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On 26 July, the Parliament of Georgia discussed the issue of declaring trust towards the renewed composition of the Government. Member of the Parliamentary Minority, Sergo Ratiani, whilst asking a question to the Prime Minister, paid attention to the issue of students with suspended status and noted that their number is increasing. According to him: “As of today, the number of students with suspended status is more than 33,000, including 11,000 suspended for non-payment. This amount was 11,000 as of 1 October 2012. [This year] it increased three times. In October 2013, [the number of students with suspended status] was 28,000 and 8,000 of them were suspended due to non-payment.” According to the Prime Minister, however, the situation is different. He stated: “The number of students with suspended status, who weren’t able to pay, is decreasing, on the contrary.”

FactCheck took interest in the statements of the Deputy and the Prime Minister and verified their accuracy.

To find out upon which data Sergo Ratiani was relying whilst making his statement, FactCheck contacted the Deputy himself. Mr Ratiani stated that these data were retrieved from an official institution, the National Centre for Educational Quality Enhancement. Based upon the Centre’s data, as of January 2014: “The number of students enrolled in authorised higher educational institutions (Bachelor’s, Master’s, Single-stage Medical, Doctorate, Preparation in Georgian Language, Professional Higher and 4-5 Step Professional Education Institutions) with suspended status amounted to 33,575. Among them, 11,685 were suspended due to non-payment.” Also according to the Centre’s data, as of 1 October 2013 the number of students with suspended status was 28,055. From these, 8,304 were suspended due to non-payment.

As can be seen, the numbers as mentioned by the Deputy correctly depict the quantitative data about students with suspended status. If the number of students with suspended status was 28,055 as of 1 October 2013, it increased by 5,520 students as of 21 January 2014. The number of students whose status was suspended because of non-payment has also increased. Therefore, the Prime Minister’s statement that the number of students with suspended status who were unable to pay for their studies is, on the contrary, decreasing is incorrect.

Sergo Ratiani also stated that as of 1 October 2012, the number of students with suspended status was 11,000. The Deputy explained to us that the former administration of the Ministry of Education approved this information although Mr Ratiani himself did not receive a letter from the National Centre for Educational Quality Enhancement in attesting to the accuracy of the abovementioned. According to Mr Ratiani, the Centre referred to the errors in out-of-date databases as the reason for its non-reply.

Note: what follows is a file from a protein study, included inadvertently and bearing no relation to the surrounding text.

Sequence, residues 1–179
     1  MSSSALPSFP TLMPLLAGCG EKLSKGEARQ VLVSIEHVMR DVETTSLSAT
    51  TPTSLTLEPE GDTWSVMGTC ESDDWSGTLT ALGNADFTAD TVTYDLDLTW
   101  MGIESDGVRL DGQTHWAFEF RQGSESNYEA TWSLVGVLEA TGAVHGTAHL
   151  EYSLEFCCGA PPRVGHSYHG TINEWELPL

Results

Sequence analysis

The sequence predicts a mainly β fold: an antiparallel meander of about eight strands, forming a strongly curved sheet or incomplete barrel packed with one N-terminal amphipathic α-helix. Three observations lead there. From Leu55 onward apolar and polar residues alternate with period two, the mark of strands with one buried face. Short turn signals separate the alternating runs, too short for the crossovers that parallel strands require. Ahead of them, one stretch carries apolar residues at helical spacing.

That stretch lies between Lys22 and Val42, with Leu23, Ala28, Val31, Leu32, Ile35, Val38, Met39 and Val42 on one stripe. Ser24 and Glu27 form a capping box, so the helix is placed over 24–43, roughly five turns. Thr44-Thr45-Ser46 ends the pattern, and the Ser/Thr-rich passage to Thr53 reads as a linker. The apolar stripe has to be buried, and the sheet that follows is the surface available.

To specify the number of students with suspended status, FactCheck contacted the National Centre for Educational Quality Enhancement as well. Our first letter was sent on 31 July of this year and we received an answer on 27 August. The National Centre for Educational Quality Enhancement requested a specification of technical details in its letter. FactCheck sent a second letter with the requested specification on 29 August and we received an answer on 29 September in which the Centre once again asked for additional specification of our questions. More precisely, the following paragraph was unclear for the Centre:

“Please provide us with information about both Bachelor’s and Master’s, Single-stage Medical, Doctorate, Preparation in Georgian Language, Professional Higher and 4-5 Step Professional Education Institution students.” The Centre requested a specification of the meaning of 4-5 Step Professional Education Institutions. (Note: In the letter sent to the Deputy, the Centre itself defined that students with suspended status include Bachelor’s, Master’s, Single-stage Medical, Doctorate, Preparation in Georgian Language, Professional Higher and 4-5 Step Professional Education Institution students).

We still have not received exact data from the National Centre for Educational Quality Enhancement (including data from 2012) about students with suspended status. In order to further specify the information requested, FactCheck sent one more letter to the Centre. Should an answer be received, relevant updates will be made to this article.

Conclusion

As of 1 October 2013, the number of students with suspended status was 28,055 with 8,304 suspended due to non-payment. As of 1 January 2014, the number of students with suspended status equalled 33,575 with 11,685 students suspended due to non-payment. FactCheck does not have written information about students with suspended status as of 1 October 2012. According to Sergo Ratiani, their number was 11,000.

FactCheck concludes that Sergo Ratiani’s statement, “As of today, the number of students with suspended status is more than 33,000, including 11,000 suspended for non-payment. This amount was 11,000 as of 1 October 2012. [This year] it increased three times. In October 2013, [the number of students with suspended status] was 28,000 and 8,000 of them were suspended due to non-payment,” is TRUE.

FactCheck also verified the Prime Minister’s statement. Comparing the data of 1 January 2014 and 1 October 2013, it is clear that the number of students with suspended status increased by 5,520 as compared to the previous year. In addition, the number of students whose status has been suspended due to non-payment has increased by 3,376.

Thus, FactCheck concludes that Irakli Gharibashvili’s statement, “The number of students with suspended status, who weren’t able to pay, is decreasing, on the contrary,” is aLIE.